Musical Forces

Musical Forces

Motion, Metaphor, and Meaning in Music
Steve Larson
Foreword by Robert S. Hatten
Distribution: World
Publication date: 1/10/2012
Format: cloth 390 pages, 10 b&w illus., 71 music exx.
6 x 9
ISBN: 978-0-253-35682-6
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Description

Steve Larson drew on his 20 years of research in music theory, cognitive linguistics, experimental psychology, and artificial intelligence—as well as his skill as a jazz pianist—to show how the experience of physical motion can shape one’s musical experience. Clarifying the roles of analogy, metaphor, grouping, pattern, hierarchy, and emergence in the explanation of musical meaning, Larson explained how listeners hear tonal music through the analogues of physical gravity, magnetism, and inertia. His theory of melodic expectation goes beyond prior theories in predicting complete melodic patterns. Larson elegantly demonstrated how rhythm and meter arise from, and are given meaning by, these same musical forces.

Author Bio

Steve Larson (1955-2011) was the Robert M. Trotter Professor of Music at the University of Oregon and a member of its Institute of Cognitive and Decision Sciences. He was author of Analyzing Jazz: A Schenkerian Approach.

Reviews

"Musical Forces presents an original and important theory of melody, centered on the idea that we experience musical motion metaphorically through our experience of physical motion. The study sheds new light on musical expectation, compositional practice, and the role of metaphor in musical experience and discourse. Musical Forces is a major contribution to musical scholarship." —David Temperley, Eastman School of Music

"
Musical Forces provides an authoritative yet accessible treatment of a topic that lies at the core of the emotional experience of music: the intuition of forces that tug, pull, and resolve melodic motion. Lay listeners and professionals alike have much to learn from this important contribution to music theory and psychology." —Fred Lerdahl, Fritz Reiner Professor of Music, Columbia University

"Steve Larson distinguishes between thinking
in music and thinking about music, and it is clear from his final opus that he did both very well. With striking originality, this book reconciles “conflicts” between music-cognitive principles and Schenkerian music analysis, and shows how metaphors and physical embodiment inform our musical expectations. This book may change what you think about how music moves." —Elizabeth West Marvin, Professor of Music Theory, Eastman School of Music and Brain & Cognitive Sciences, University of Rochester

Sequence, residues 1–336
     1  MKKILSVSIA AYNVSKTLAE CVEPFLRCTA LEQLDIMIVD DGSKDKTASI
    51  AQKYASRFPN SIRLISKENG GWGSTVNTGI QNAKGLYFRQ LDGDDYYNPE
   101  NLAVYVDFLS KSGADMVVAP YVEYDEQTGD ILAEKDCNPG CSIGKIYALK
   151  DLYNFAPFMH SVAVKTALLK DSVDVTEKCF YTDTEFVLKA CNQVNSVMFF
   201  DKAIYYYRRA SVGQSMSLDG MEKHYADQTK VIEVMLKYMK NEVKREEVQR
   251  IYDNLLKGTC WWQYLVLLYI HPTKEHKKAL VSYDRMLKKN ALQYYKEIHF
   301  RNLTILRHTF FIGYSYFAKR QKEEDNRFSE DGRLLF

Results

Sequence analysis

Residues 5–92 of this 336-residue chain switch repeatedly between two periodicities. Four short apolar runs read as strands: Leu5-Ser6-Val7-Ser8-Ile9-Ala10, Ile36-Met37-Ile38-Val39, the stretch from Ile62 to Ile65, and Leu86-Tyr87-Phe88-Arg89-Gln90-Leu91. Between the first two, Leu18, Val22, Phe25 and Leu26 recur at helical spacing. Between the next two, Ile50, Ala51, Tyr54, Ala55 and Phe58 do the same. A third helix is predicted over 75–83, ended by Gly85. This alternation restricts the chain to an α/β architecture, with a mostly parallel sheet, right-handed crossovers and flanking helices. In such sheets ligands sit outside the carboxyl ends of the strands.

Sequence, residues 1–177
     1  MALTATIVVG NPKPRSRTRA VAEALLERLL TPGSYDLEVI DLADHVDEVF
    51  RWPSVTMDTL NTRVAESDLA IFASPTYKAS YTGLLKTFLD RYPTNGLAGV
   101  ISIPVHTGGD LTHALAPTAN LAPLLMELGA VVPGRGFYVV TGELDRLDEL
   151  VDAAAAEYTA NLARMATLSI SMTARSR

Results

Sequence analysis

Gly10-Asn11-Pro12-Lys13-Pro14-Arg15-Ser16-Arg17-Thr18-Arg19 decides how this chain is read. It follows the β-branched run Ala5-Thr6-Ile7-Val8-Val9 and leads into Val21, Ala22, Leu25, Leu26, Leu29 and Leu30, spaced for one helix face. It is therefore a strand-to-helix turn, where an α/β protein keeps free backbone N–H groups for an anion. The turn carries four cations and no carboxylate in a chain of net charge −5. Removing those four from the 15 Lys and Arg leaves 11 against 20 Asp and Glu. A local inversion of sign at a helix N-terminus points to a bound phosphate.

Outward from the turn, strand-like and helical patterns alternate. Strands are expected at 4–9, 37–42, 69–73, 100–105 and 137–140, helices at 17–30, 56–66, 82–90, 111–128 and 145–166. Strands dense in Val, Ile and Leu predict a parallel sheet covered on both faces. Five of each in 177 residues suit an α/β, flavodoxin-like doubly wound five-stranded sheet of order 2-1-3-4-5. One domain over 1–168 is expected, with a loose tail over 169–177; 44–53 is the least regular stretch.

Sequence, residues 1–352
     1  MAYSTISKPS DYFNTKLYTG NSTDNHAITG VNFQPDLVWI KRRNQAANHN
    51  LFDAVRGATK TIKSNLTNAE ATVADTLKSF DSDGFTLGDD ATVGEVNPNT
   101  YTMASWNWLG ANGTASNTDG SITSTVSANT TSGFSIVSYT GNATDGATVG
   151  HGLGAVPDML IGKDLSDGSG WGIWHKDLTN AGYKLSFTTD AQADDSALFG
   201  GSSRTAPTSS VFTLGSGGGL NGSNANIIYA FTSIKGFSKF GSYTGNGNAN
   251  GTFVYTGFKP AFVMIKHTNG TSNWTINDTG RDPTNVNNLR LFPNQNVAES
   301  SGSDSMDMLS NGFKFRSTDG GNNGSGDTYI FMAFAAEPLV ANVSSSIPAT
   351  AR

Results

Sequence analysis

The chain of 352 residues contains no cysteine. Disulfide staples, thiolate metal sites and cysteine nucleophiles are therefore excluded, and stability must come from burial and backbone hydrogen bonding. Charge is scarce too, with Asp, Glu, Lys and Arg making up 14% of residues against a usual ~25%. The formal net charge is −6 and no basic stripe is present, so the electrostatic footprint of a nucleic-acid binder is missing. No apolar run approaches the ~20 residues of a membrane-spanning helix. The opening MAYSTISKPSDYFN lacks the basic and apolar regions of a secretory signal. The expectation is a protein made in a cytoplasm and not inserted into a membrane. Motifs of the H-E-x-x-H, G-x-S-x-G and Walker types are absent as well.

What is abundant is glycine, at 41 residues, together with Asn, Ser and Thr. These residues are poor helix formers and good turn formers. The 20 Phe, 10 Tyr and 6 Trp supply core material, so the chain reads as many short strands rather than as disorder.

"
Musical: Forces: Motion, Metaphor, and Meaning in Music will find a ready place in academic collections supporting study in advanced theory and musical cognition. It is well written, easy to understand, and full of good examples. The introduction by itself is a fine survey of the dialogue concerning musical meaning. By giving such an introduction, Larson's theories may well be understood as a part of an ongoing discussion." —Music Reference Services Quarterly

"The potential benefits of Larson’s theory of musical forces include a more explicit understanding of how we make meaning from musical experience, which in turn includes a richer understanding of the aspects of music cognition and metaphoric reasoning . . . ." —Music Theory Online

"It’s hard to talk about music without using the language of motion. . . Steve Larson thoughtfully integrates several seemingly disparate disciplinary threads in music theory and cognitive science in an attempt to understand why we experience music this way. His account places three musical forces—gravity, magne- tism, and inertia—at the center of the explanation." —Music Perception

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Table of Contents

Acknowledgments
Preface
1. Introduction
I. A Theory of Musical Forces
2. Thinking
about Music and Thinking in Music—Pattern, Meaning, Analogy, Metaphor, and Hierarchies
3. Something in the Way She Moves—The Metaphor of Musical Motion
4. Melodic Forces—Gravity, Magnetism, and Inertia
5. A Theory of Melodic Expectation
6. Rhythm, Meter, and Musical Forces
7. Analyses
II. Evidence for Musical Forces
8. Converging Evidence—An Introduction to Part Two
9. Evidence from Experiments in Visual-Perception and Neuroscience
10. Evidence from Compositions and Improvisations
11. Evidence from Music-Theoretical Misunderstandings
12. Evidence from a Listener-Judgment Experiment
13. Evidence from Comparing Computer Models With Production-Experiment Results
III. Conclusion
14. Summary and Prospects
Glossary
Notes
Bibliography
Index
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